Are the Assemblies of God Baptist Churches?

Discussion in 'Baptist Theology & Bible Study' started by Aaron, Oct 19, 2012.

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  1. Aaron

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  2. MorseOp

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    They may share some similarities such as believers-only baptism, and congregational church government; but they also have denominational control of some of their churches. Their systemic belief in divine revelation, outside of the Word of God, stands in sharp contrast to Baptists recognizing the Bible as the only source of authority for all matters of faith and practice. Similarities aside, I do not believe they are Baptists.
     
  3. OldRegular

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    I agree! I agree!
     
  4. Jerome

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  5. Jerome

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    And there seems to be a fundamental misunderstanding of the 'Full Gospel Baptist' position:


    'Full Gospel Baptists' are indeed Pentecostal/Charismatic, and of the Word Church (Hagin, etc.) strain.

    Straight from the Full Gospel Baptist Fellowship policy manual:

    http://fullgospelbaptist.org/html/documents/PolicyandProcedure2011revisions-2-1.pdf

     
  6. Yeshua1

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    said they seemed to LIKE Free will baptist /full gospel baptist churches, in their views of the bible, trinity, salvation etc!

    And they have a headquarters in Springfield, but each local assembly runs its own way!
     
  7. MorseOp

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    From the AOG website:

     
  8. Aaron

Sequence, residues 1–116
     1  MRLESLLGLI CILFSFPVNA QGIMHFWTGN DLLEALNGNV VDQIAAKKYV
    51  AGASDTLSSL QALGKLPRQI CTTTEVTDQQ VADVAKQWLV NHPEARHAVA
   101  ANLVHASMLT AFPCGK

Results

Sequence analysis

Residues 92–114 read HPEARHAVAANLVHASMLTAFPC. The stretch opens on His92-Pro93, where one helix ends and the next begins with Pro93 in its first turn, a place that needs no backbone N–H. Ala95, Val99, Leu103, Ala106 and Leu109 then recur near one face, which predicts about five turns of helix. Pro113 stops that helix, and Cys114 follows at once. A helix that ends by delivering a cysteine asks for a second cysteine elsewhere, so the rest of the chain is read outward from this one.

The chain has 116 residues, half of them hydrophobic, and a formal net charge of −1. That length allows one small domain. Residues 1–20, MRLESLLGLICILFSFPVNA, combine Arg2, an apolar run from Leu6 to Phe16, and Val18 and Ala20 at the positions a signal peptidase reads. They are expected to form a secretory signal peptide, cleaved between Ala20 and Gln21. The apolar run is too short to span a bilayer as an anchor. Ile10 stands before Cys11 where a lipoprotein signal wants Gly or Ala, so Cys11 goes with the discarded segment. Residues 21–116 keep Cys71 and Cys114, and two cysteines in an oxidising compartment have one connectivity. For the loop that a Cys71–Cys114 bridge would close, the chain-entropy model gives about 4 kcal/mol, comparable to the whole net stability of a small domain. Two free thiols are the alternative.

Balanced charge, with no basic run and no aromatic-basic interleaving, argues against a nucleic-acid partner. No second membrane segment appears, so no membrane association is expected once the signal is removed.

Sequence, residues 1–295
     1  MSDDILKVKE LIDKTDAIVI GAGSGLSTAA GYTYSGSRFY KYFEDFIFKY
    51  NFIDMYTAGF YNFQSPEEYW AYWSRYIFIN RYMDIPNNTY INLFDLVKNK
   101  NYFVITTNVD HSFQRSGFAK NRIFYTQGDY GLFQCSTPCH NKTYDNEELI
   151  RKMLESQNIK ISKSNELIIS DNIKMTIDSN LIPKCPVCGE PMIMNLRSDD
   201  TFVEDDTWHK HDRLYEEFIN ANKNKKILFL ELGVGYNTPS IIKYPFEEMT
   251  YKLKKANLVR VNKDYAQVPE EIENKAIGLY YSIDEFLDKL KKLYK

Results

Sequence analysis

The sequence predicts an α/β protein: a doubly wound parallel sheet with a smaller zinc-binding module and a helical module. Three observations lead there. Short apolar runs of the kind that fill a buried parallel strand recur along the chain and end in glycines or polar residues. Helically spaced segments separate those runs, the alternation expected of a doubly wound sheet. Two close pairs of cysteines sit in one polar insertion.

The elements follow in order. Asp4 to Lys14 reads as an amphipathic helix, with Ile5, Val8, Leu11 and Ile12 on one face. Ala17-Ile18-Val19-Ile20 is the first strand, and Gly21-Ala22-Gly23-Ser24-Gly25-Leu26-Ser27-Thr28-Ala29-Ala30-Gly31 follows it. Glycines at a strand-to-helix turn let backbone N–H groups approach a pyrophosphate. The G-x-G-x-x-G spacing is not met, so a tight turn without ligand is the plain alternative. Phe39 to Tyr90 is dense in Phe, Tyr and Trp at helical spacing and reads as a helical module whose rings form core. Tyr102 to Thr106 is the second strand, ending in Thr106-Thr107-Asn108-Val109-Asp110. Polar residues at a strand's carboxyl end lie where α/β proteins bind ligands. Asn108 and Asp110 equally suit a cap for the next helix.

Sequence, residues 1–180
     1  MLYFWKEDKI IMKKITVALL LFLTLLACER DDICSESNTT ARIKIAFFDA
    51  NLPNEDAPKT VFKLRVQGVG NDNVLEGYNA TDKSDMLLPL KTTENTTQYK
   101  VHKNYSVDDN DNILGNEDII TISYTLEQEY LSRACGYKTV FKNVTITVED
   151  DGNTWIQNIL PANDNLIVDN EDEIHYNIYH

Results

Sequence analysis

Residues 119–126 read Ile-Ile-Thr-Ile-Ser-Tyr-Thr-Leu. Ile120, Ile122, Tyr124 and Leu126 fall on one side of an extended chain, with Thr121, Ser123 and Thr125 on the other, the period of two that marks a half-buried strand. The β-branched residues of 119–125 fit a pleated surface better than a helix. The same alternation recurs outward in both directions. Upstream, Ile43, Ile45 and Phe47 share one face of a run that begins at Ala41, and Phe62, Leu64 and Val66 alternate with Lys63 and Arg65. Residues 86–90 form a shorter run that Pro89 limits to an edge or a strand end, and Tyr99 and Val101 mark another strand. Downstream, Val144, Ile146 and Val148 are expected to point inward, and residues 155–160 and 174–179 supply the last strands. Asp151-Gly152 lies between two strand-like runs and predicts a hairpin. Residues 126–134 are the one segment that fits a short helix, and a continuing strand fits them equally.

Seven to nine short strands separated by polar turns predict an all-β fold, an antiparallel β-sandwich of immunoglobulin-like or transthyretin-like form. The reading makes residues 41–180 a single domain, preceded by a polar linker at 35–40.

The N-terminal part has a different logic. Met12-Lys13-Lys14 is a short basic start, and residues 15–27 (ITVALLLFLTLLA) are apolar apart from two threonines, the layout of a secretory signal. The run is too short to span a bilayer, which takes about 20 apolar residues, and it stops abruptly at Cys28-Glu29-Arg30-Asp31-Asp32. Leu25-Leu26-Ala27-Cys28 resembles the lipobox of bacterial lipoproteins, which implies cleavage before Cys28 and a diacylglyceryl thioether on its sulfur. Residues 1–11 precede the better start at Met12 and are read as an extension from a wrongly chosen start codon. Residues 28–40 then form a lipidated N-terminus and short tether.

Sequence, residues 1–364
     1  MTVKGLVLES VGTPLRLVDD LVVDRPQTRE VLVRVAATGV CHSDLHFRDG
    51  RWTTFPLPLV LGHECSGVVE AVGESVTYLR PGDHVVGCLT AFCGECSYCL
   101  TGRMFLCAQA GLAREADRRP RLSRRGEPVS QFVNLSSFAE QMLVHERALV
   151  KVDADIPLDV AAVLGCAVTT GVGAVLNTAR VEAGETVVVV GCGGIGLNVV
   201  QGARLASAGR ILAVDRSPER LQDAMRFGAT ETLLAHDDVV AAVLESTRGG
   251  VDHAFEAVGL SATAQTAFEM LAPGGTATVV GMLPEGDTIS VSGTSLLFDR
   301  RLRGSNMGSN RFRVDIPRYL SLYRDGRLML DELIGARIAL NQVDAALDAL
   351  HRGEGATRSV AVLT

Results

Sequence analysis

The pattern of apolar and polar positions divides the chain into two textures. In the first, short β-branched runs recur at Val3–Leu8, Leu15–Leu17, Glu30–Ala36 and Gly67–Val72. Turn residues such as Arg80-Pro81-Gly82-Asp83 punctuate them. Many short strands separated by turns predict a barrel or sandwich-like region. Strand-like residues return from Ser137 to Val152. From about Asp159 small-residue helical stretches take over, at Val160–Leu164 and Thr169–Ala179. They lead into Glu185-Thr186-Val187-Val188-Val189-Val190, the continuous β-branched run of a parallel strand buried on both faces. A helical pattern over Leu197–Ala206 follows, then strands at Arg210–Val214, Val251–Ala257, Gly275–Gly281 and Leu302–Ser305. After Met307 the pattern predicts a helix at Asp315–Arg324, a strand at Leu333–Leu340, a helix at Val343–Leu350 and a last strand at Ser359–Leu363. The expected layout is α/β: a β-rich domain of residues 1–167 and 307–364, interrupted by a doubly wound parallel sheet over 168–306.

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    Let me rephrase the question: Are the autonomous AG's Baptist churches?
     
  9. MorseOp

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    Aaron, anyone can start a church and call it a Baptist church. But what have Baptists historically believed? Yes, there are Full Gospel Baptist Churches, but I do not think they represent what Baptists have historically believed. Whenever a church teaches that divine revelation is actively occurring today, that church is denying the sufficiency of Scripture, a key Baptist belief. There is a reason why AoG churches do not call themselves Baptists.
     
  10. DHK

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    C'mon now this is an easy one.

    Are the Assembly of God churches Baptst?
    The answer is an obvious, NO.
    If they were then they would call themselves Baptist. and not AOG.
    Too many doctrinal differences to be Baptist.
     
  11. Yeshua1

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    key phrase is that i said they "seemed" as being close to Baptist by their practices/teachings, least close to the arminian /free will wing of the baptists!

    And "Full Gospel " baptist churches would essentially be same as them!
     
    #11 Yeshua1, Oct 20, 2012
    Last edited by a moderator: Oct 20, 2012